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After Marshalls' infamous tweet earlier this month, a chat with their Trade Marketing Manager, Liam Poole, at Chelsea last week revealed that he didn't understand why it had created such an outcry (see initial reactions in 50% of sandstone sold in the UK isn't fit for purpose, say Marshalls). "We went out and made sure that all our products met the Standard." Having found that all their paving exceeded the British Standard for external paving, Marshalls then began random testing of paving that's readily available on the market, to find that 50% did not meet this standard. It's worth noting that they did not find anyone trying to pass off sub-standard stone as being of British Standard.

Re-reading their tweet makes the reaction to it clearer:

Phil Voice said, "My issue with Marshalls is not that they are producing stone to a high standard. It was the flippant way that they tweeted initially and then tweeted that if anyone wanted to see their research data then they would have to come to Chelsea and meet them on the Marshalls' stand. 

"I think Marhsalls have probably created an atmosphere where the suppliers of sub-British Standard stone may now be viewed as cowboys."

This feeling certainly seems to have stoked the reaction, as people have, said Liam, been wanting Marshalls to name and shame.  “I think what we need to do is get across that it's not about naming and shaming. What we are trying to say is our product meets the British standard. Most fitters say they meet the British Standard in their work; you should expect the same of the materials."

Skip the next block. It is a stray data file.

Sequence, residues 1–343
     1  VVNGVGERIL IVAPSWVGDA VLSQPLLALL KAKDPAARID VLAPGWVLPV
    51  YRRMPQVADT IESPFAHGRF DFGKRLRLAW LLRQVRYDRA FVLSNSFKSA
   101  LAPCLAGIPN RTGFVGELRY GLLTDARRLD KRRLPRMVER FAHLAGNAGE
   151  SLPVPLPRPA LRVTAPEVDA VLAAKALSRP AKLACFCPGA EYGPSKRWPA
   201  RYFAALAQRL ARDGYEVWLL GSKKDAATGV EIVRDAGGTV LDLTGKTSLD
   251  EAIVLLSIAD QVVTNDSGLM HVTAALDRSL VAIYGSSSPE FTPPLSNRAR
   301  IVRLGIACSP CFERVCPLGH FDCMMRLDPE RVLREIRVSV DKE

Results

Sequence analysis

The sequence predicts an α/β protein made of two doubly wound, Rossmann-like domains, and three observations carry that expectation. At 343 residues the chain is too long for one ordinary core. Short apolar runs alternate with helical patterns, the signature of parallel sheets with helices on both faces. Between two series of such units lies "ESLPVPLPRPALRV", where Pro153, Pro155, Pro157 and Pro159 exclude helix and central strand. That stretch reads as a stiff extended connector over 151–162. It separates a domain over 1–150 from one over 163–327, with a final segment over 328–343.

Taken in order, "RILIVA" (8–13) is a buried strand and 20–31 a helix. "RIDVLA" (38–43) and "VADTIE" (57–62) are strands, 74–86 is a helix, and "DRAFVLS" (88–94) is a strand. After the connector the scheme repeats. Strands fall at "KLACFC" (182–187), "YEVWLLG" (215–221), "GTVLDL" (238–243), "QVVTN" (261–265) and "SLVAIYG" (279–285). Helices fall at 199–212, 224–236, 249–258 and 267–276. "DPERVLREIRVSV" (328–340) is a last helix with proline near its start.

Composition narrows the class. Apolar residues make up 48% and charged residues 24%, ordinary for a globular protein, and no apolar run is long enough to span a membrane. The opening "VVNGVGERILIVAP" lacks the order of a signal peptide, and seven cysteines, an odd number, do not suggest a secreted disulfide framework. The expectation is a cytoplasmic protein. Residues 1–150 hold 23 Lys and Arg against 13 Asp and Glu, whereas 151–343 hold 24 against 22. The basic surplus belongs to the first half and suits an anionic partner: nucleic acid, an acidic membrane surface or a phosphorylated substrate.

Marshalls are aiming at a three-pronged approach: to the public, the supplier and installers (many of whom recommend products to their clients). “We're creating a list of three or four questions that installers can ask the merchant and the merchant can ask the supplier. It's all about getting the product you think you are getting."

What Marshall's original tweet doesn't cover, and appears to criticise, is the judicious choice of sub-standard stone. Phil added: “They're looking at this purely from the technical angle. Many landscapers and designers prefer stone that is soft and porous because it gives a garden a much more weathered and lived in feel. I'd even go further and say that many landscapers and designers will go out of their way to use second (or third) grade material - especially reclaimed - so as to achieve an aged look. Chipped and/or slightly blown can add to a garden's charm and appeal.”

The issue, it seems to be agreed, boils down to one main aim. ”Marshalls would have been better concentrating on educating clients on the different applications of stone and advising when it is important to lay a stone that meets with British Standard requirements,” said Phil.

"It's just an education piece,” said Liam. “We're trying to get the message out gently, not beat people over the head with it. We're just trying to say to people to be careful what you are buying. The consumer is so reliant on installer and on merchants. We're trying to say, 'Ask these questions.' Nobody we've come across is trying to mask the issue.”

So, inflammatory tweets (and obvious marketing) aside, it can be said that much of the singing is from the same hymn sheet: more information should be available to the public, so that they understand what they are buying and why. No householder is going to be pleased if an installer lays stone that begins to break up after a single winter, however much that paving is installed in good faith.

Surely ensuring that everyone understands which paving will perform best for what purpose has to be a good thing?

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